I prefer to think in terms of suggestion or general direction rather than specific goals. Specific goals do not work well for my way of thinking because I am constantly changing my perspective, standards, and approach. This may completely change the meaning of the goal or achievement once it is met.
I want to continue to further my own development as a student, teacher, athlete, performer, and businessman. However, there are no milestones or benchmarks I am pressuring myself to hit. It’s a consistent process that will continue for the rest of my life, and I am taking it all at its natural pace.”
What is in your opinion a good teacher?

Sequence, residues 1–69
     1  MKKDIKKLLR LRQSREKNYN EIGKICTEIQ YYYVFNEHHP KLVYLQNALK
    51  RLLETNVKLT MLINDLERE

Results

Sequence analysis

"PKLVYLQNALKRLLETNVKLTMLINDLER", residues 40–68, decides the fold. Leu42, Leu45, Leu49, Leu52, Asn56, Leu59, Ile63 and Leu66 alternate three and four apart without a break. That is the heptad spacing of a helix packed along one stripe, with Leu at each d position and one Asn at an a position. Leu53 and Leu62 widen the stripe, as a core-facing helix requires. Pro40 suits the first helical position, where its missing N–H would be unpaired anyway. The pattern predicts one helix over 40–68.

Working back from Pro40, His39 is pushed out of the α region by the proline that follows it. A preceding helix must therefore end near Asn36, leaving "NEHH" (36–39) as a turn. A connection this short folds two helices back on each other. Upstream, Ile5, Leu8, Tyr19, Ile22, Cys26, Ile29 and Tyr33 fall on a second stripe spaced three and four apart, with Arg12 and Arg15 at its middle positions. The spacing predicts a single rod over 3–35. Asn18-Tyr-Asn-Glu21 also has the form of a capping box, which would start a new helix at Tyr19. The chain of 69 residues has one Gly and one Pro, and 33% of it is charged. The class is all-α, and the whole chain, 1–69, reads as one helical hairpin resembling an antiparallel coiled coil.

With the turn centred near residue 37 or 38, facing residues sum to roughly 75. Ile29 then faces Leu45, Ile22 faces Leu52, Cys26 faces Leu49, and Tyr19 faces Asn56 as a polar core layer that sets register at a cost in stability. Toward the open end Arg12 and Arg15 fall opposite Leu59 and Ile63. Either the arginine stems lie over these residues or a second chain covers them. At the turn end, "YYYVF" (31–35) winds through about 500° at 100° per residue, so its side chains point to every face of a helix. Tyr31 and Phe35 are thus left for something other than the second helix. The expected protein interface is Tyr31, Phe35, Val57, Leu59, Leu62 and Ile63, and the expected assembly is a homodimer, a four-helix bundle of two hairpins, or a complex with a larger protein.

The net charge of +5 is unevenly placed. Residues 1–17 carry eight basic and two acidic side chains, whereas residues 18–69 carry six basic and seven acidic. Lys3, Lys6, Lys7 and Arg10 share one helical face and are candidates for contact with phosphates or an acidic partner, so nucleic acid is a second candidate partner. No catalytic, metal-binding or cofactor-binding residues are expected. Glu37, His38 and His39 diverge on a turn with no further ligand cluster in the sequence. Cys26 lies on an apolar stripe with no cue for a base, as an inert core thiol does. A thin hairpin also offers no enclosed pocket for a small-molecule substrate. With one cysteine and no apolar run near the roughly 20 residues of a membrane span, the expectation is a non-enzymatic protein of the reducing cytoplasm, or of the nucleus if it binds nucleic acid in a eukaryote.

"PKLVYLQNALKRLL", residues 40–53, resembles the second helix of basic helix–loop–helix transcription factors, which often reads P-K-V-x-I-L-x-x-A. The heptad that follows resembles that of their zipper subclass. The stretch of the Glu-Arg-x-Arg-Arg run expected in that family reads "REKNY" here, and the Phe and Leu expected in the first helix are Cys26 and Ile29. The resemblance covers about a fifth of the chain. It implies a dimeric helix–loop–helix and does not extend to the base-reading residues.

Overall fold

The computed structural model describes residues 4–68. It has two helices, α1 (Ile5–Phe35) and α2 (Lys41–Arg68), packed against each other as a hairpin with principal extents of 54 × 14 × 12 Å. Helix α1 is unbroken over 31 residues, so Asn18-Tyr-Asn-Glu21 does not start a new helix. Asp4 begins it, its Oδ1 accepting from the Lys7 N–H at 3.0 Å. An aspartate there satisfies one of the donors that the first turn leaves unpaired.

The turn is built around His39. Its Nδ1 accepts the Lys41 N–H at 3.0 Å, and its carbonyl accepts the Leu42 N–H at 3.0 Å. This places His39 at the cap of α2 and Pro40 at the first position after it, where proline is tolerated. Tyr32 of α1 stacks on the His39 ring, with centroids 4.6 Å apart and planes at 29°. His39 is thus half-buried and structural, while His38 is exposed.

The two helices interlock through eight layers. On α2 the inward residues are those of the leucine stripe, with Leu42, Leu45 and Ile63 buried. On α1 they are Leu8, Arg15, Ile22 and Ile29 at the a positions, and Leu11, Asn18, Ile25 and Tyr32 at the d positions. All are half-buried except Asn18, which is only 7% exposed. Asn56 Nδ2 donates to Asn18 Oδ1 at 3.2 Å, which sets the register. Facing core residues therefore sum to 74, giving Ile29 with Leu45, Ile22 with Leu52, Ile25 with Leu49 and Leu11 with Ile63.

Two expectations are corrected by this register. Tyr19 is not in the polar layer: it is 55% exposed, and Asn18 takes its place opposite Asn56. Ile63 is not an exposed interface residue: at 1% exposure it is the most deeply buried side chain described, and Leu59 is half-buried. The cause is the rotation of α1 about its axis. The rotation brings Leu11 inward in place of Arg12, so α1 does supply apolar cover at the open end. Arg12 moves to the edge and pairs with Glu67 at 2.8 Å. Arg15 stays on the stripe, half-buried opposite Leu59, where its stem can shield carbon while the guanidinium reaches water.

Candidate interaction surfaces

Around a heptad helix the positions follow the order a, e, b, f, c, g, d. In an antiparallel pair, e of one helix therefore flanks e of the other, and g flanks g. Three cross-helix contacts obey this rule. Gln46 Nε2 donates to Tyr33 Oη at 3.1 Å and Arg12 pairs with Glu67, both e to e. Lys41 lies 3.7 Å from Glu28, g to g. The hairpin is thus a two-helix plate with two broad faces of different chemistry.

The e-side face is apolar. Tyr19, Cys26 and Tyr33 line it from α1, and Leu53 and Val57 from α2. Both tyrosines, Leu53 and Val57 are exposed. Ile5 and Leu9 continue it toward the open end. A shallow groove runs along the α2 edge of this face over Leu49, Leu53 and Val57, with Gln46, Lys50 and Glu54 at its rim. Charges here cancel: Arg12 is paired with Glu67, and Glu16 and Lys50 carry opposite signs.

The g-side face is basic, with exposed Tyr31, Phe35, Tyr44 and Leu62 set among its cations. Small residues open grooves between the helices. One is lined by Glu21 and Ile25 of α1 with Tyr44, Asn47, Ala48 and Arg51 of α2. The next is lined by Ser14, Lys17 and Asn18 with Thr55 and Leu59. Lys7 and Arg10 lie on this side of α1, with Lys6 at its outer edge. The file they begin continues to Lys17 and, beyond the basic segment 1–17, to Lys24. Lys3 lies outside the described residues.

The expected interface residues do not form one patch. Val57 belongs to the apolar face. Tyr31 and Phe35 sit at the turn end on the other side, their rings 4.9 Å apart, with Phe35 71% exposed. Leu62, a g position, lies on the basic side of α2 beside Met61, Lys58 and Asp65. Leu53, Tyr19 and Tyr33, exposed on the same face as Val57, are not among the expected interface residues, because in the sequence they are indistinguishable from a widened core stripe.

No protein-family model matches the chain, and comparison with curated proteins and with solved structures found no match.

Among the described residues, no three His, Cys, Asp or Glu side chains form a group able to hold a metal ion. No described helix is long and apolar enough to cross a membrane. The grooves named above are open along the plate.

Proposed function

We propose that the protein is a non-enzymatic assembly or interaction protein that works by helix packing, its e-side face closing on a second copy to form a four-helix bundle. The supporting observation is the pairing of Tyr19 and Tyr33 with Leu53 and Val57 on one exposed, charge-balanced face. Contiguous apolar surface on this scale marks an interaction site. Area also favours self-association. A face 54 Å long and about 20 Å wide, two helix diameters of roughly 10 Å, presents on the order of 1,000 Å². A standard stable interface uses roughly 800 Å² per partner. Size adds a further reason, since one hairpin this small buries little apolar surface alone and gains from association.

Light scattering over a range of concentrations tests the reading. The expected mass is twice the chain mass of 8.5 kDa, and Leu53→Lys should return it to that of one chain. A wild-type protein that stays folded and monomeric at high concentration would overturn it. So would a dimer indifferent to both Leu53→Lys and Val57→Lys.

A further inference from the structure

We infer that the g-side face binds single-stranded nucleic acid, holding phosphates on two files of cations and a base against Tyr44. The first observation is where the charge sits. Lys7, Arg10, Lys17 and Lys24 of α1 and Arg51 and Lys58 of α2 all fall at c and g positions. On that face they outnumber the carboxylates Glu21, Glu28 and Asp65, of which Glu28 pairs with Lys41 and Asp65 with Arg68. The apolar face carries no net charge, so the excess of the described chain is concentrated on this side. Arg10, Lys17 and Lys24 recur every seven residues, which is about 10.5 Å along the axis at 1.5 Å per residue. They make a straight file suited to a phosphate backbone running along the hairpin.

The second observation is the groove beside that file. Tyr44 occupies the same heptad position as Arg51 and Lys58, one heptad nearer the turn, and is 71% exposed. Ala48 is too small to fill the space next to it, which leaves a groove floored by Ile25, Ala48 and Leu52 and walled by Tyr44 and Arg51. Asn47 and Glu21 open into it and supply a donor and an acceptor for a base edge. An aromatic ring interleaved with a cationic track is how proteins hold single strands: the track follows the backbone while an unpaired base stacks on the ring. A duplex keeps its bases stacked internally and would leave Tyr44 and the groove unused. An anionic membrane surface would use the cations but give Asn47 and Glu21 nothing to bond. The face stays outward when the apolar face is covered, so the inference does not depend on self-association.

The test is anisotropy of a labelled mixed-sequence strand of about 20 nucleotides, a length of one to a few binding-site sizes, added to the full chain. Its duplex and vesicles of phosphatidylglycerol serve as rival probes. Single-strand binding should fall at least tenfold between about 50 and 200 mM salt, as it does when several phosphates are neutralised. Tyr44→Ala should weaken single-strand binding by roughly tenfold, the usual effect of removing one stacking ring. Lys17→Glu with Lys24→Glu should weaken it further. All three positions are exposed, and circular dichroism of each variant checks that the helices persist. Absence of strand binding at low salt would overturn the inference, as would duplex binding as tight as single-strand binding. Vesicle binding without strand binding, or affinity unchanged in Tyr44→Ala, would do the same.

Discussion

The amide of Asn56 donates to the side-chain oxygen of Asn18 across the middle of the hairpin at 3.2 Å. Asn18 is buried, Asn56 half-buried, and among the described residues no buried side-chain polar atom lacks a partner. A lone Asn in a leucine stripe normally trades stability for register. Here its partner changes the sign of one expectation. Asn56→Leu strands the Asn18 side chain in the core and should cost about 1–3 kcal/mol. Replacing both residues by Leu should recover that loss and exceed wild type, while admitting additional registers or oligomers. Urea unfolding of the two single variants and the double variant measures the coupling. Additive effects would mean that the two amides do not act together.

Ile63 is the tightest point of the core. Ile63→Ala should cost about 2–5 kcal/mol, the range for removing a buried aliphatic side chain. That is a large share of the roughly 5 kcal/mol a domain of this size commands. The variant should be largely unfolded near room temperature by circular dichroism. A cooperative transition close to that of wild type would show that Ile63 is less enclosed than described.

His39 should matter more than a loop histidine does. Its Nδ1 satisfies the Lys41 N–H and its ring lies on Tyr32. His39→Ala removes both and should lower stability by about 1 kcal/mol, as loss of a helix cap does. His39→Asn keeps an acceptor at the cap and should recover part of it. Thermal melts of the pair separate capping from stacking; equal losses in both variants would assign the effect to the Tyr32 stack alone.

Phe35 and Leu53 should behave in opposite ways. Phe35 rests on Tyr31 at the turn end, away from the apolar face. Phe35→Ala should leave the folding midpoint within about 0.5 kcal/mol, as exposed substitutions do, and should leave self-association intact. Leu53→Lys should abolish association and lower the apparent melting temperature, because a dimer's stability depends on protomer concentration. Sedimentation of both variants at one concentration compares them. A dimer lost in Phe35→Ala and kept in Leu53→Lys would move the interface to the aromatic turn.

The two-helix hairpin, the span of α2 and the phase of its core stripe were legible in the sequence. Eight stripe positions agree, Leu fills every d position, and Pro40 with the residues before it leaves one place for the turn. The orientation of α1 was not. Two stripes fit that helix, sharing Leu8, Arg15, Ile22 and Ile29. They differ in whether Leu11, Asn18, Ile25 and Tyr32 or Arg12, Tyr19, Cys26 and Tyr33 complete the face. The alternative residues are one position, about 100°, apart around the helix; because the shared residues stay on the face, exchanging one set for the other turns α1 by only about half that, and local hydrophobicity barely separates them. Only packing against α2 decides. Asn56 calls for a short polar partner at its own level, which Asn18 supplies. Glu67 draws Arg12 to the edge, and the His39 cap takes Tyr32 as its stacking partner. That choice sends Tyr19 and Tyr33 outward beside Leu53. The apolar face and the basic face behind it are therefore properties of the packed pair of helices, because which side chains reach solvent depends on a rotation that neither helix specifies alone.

“This is a subject I have studied a lot and am still learning more about every day. I will talk about a couple attibutes I think are vital for teachers to possess:
- Being able to connect with your students. Know where they come from, and why they make the mistakes you can do. It’s easy to get disconnected from this, which is why it’s also important to still continuously play the role of a student even when teaching is your profession.
- Being versatile under chaotic conditions. Sometimes when I teach workshops, I have no idea of the group I have or the facility I am teaching in until the actual class begins. This means I have to very quickly assess the situation to be able to modify the class. Embracing and working with chaos is a huge factor for growth in any skill.
- Move towards making themselves obsolete. A teacher’s goal should be for their students to no longer need them. Cultivating independence is where true progress can be made both on the large scale of a subject or on the smaller scale of personal development. Some teachers try to limit and control their students, but I feel that this is a small-minded approach.